Euro Crisis Lull: Schäuble Warns Worst Is Yet to Come

October 25th, 2012

Published on Spiegel Online International, Oct. 23, 2012.

Europe’s debt crisis seems to have entered a calm phase, but that’s only an illusion, German Finance Minister Wolfgang Schäuble said on Tuesday. The worst is probably still to come, he warned … //

… Eye of the Storm?

Their pessimism contradicts comments made by European Commission Vice President Olli Rehn a week ago. In Bangkok for a meeting of finance ministers from Asia and Europe, he told the Bangkok Post that “there is no likelihood of any country leaving the euro zone.

The key message I told the ministers was that there is cause for prudent optimism. I think that the worst is over for the euro debt crisis.”

The divergent commentary on the state of the euro zone comes as Europe finds itself in what increasingly feels like the eye of the storm. Recent ECB pledges to buy unlimited quantities of sovereign bonds from debt-ridden euro-zone member states to lower their borrowing costs have relieved financial market pressure. However, Greece continues to be slow in implementing necessary reforms and will likely need funding beyond that which has already been pledged.

We Are All Sinners:

Potentially more troubling, bank problems in Spain threaten to force Madrid to seek a full bailout from the European Security Mechanism, the euro zone’s permanent bailout fund. And the situation isn’t getting any easier. On Tuesday, Spain’s central bank announced that the country’s gross domestic product (GDP) had shrunk by an additional 0.4 percent in the third quarter, following a similar plunge in the second. The negative economic growth promises to make it even more difficult for Madrid to reach its ambitious austerity targets.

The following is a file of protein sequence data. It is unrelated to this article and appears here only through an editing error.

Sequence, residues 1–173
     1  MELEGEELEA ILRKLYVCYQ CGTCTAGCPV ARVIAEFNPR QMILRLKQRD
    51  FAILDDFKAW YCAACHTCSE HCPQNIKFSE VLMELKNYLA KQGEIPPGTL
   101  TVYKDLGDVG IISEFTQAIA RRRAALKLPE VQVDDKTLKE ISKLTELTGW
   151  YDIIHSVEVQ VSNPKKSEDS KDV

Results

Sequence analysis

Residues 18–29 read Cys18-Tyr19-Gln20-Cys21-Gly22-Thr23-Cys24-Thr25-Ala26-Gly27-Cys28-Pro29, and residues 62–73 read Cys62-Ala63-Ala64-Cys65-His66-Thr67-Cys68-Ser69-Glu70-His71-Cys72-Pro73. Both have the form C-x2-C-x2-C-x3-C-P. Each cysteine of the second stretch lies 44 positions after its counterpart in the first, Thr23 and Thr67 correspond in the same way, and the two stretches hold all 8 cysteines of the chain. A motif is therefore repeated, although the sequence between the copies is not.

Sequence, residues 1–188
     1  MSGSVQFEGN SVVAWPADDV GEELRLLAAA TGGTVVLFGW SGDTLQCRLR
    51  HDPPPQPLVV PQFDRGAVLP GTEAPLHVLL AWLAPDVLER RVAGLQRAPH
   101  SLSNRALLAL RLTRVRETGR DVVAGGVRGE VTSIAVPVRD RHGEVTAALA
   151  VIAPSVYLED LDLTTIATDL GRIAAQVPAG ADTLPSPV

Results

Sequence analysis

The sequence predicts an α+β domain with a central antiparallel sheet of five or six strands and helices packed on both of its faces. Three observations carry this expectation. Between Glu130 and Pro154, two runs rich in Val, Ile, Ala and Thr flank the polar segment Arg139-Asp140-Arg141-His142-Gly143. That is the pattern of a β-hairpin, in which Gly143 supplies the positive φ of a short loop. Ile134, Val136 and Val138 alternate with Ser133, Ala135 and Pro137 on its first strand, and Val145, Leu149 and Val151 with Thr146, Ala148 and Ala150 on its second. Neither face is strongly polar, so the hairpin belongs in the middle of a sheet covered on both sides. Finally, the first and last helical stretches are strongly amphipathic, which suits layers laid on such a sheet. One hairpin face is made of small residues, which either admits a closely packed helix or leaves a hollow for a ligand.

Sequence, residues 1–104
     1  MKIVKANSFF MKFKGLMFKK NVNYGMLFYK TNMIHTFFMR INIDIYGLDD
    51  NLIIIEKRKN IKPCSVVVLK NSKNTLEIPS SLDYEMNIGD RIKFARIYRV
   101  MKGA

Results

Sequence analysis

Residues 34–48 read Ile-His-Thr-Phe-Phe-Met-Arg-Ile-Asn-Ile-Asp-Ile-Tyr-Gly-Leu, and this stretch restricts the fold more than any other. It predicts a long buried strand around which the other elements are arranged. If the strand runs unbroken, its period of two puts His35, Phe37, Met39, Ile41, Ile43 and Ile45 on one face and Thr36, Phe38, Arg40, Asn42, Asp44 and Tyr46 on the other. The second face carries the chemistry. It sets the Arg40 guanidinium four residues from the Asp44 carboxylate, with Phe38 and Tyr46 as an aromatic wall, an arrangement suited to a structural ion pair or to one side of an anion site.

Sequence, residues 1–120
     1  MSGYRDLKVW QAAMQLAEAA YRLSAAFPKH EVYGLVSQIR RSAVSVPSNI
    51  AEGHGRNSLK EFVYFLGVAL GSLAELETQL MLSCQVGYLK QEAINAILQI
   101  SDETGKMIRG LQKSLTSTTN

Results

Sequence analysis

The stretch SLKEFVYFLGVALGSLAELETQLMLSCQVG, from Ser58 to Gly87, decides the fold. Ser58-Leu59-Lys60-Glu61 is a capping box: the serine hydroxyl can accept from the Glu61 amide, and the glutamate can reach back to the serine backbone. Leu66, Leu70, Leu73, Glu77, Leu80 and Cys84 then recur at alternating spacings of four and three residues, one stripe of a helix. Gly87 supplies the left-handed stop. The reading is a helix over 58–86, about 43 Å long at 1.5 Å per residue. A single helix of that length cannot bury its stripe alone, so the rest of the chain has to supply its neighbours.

Perhaps mindful of the headlines made last week when he seemed to rule out a Greek bankruptcy during a talk in Asia, Schäuble made it clear that even if the situation in Europe does worsen again, it will not be the end of the euro zone. “We are determined to do everything necessary to preserve the euro as a trustworthy currency,” he said. But reform, he added, must continue to be the priority. “We can’t get around the need for a mid-term reduction in sovereign debt,” he said.

As for Greece, Schäuble tread more lightly on Tuesday than he did last week. In the knowledge that “we are all sinners,” he said, it seems likely “that we can come to agreement on a policy that makes sense for Greece.”
(full text).

Links:

UN Calls to Fund Social Safety Nets in World’s Poorest Countries, on STWR,  Oct. 11, 2012;

10 Steps to Becoming a Global Citizen, on Share The World Resources STWR, July 18, 2012;

Is Truth a Tactic? on Dissident Voice, by Alexandra Morton, October 23, 2012.

India and China: Unsettled for a long time yet, Fifty years after a nasty high-altitude war, a border dispute remains unresolved, on The Economist, Oct. 20, 2012.

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